which takes an ordinary function and returns a memoised version of it, but snag is that the ordinary function needs to refer to the memoised function which <code>memo</code> is going to return. On the face of it, you might try something like <code>let rec memfun = memo (fun x -> ..... memfun ....)</code>. In Haskell, this would be no problem, but O'Caml, being strict, has certain restrictions on the use of <code>let rec</code> which scupper this plan. So, I needed to use incomplete functions as you described in your post and was able to define monadic and dyadic fixed point combinators very easily:
<pre>
  (* fixed point combinator *)
  (* fp : (('a -> 'b) -> ('a -> 'b)) -> 'a -> 'b *)
  let fix f = let rec p x = f p x in p
 
  (* dyadic fixed point combinator *)
  (* fp : (('a -> 'b) * ('c -> 'd) -> 'a -> 'b)
   * * (('a -> 'b) * ('c -> 'd) -> 'c -> 'd)
   * -> ('a -> 'b) * ('c -> 'd) i
   *)
  let fix2 (f,g) =
    let rec fp x = f (fp,gp) x
    and gp x = g (fp,gp) x
    in (fp,gp)
</pre>
Then, using a nice trick by Bruce McAdam <a href="http://www.lfcs.inf.ed.ac.uk/reports/97/ECS-LFCS-97-375/">here</a>, I was able to write monadic and dyadic memoisers very simply as follows:
<pre>
  (* memoinc takes an incomplete recursive function whose complement (the part that tells
   * it what to do if recursive calls are required) is an arbitrary type 'c, and returns
   * a new incomplete recursive function with the same type that does memoisation.
   *
   * memoinc : ('c -> 'a -> 'b) -s-> ('c -> 'a -s-> 'b)
   *
   * The -s-> arrows denote function evaluations which affect global state.
   *)
  let memoinc f =
    let loc = ref BatMap.empty in
    fun comp x -> try BatMap.find x !loc
                  with Not_found -> let v = f comp x in
                                    loc := BatMap.add x v !loc; v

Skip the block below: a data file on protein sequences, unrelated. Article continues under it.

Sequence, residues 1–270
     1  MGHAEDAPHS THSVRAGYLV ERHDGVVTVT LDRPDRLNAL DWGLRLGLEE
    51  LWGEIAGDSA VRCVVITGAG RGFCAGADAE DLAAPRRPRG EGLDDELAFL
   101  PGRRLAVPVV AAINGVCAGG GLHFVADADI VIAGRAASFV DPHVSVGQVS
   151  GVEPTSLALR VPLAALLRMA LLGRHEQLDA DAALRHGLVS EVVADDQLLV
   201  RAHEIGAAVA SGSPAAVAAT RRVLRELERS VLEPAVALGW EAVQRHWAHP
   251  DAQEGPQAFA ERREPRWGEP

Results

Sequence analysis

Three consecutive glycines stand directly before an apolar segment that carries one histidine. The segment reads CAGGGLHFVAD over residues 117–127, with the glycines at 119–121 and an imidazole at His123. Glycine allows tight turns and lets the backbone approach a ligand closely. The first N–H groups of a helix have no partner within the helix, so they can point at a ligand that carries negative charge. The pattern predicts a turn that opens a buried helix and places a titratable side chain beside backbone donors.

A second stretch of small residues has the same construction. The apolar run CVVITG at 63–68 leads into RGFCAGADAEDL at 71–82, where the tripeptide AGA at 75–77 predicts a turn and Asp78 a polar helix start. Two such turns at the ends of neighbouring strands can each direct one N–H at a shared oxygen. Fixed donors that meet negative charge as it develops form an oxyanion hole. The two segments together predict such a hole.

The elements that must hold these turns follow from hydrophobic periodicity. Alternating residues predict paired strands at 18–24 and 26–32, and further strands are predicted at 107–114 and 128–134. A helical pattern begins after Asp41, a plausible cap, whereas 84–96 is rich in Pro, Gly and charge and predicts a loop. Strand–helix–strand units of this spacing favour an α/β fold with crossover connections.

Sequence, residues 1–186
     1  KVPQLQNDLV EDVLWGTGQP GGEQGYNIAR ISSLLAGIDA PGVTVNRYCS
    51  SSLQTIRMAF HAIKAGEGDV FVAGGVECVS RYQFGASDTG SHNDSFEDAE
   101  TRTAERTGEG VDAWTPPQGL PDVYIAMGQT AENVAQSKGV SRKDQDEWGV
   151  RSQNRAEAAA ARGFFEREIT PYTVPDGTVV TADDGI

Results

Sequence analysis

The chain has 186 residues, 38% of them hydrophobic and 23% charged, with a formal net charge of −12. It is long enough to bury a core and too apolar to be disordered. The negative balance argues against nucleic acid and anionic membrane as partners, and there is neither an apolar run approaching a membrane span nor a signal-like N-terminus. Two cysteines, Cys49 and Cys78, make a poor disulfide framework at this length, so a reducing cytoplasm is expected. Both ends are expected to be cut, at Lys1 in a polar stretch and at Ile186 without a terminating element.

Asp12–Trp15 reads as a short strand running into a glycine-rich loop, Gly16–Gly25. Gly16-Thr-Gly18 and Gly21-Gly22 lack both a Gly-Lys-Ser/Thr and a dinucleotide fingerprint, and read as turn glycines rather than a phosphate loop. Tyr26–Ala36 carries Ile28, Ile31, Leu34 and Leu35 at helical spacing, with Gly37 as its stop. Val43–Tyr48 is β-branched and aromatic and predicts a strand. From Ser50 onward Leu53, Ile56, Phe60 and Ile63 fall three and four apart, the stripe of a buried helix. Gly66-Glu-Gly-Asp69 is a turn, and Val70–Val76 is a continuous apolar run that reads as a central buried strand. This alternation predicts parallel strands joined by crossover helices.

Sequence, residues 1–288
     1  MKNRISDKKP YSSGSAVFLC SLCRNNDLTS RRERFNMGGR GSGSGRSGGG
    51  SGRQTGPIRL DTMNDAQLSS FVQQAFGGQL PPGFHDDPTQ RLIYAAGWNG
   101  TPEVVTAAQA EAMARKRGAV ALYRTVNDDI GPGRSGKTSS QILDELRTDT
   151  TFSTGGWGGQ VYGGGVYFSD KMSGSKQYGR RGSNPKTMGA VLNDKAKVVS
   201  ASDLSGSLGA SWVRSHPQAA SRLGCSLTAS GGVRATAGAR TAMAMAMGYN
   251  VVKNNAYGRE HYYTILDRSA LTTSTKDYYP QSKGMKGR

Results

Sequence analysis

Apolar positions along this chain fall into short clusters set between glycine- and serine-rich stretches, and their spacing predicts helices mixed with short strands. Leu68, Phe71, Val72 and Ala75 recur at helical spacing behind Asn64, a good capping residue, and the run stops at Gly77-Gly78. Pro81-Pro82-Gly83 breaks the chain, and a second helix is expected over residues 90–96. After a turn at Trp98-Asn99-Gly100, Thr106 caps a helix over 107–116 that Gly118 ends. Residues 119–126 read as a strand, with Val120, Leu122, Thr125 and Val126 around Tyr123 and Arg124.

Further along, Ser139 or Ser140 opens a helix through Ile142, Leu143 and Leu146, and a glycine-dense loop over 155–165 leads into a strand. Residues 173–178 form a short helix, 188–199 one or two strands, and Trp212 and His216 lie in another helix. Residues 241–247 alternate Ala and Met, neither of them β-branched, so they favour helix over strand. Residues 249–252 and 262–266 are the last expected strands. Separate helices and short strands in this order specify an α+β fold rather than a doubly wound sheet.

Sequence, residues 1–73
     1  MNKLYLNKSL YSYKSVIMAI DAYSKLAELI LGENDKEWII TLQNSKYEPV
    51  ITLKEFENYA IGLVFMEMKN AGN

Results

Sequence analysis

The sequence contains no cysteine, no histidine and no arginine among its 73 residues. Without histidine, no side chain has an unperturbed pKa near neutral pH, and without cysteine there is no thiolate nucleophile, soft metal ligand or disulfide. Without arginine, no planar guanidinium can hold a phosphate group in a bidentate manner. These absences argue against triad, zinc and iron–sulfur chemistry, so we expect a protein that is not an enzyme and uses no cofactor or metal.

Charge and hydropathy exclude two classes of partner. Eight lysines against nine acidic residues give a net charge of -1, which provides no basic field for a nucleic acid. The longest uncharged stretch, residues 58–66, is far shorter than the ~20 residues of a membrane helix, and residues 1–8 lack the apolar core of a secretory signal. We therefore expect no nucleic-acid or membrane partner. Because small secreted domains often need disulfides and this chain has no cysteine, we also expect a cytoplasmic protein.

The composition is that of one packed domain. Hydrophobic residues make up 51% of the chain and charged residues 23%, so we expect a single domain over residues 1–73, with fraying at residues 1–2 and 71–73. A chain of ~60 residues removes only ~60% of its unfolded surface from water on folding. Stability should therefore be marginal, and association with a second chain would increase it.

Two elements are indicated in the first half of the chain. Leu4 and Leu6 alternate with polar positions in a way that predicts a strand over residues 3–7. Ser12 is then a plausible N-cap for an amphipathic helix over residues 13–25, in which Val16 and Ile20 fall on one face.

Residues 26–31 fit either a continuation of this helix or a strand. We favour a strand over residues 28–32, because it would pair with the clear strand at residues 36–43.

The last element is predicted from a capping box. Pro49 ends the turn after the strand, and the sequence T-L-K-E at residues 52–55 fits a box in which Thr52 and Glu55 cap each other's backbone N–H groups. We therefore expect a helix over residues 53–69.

let memorec f = fix (memoinc f)
  let memorec2 f g = fix2 (memoinc f, memoinc g)
</pre>
There was a lot more code than this at one point, but then after I pinned down the definition of <code>memoinc</code>, it all just boiled away in a very pleasing manner. Thanks again for the tip.

2013-10-08 21:49:32 by qntm:

Oh dear, that hasn't rendered at all. I'm glad you found this article useful though.

2013-12-13 08:12:46 by Sean:

Here was my short python solution:

def fix(funcs_incomplete):
    funcs = {}
    apply_incomplete = lambda f: lambda *args, **kwargs: \
                       f(**funcs)(*args, **kwargs)
    funcs = {name: apply_incomplete(f)
             for (name, f) in funcs_incomplete.items()}
    return funcs

funcs_incomplete = {
    "even": even_incomplete,
    "odd": odd_incomplete,
}

funcs = fix(funcs_incomplete)

It seems to me like the central problem here is that, in the final result, every function needs to have a reference to each function, including itself, which means that you need to have a way to specify references to functions before they have actually been defined. In Haskell, that's trivial, because functions can be declared in any order without consequence. In Python, I created an empty dict as a placeholder, and populated later with a lookup table for functions by name.

Sam's solution looks like it's doing almost of the same thing. But instead of containing an explicit reference to the output functions, Y3 contains the expression "x(*xs)", which just so happens to be the same as "Y2(*Y2s)".

2013-12-13 08:14:43 by Sean:

Ugh. Whitespace. One more try.

>def fix(funcs_incomplete):
> funcs = {}
> apply_incomplete = lambda f: lambda *args, **kwargs: \
> f(**funcs)(*args, **kwargs)
> funcs = {name: apply_incomplete(f)
> for (name, f) in funcs_incomplete.items()}
> return funcs
>
>funcs_incomplete = {
> "even": even_incomplete,
> "odd": odd_incomplete,
>}
>
>funcs = fix(funcs_incomplete)

2013-12-13 08:18:04 by Sean:

Should have just done this to start with:

https://gist.github.com/quantheory/7941245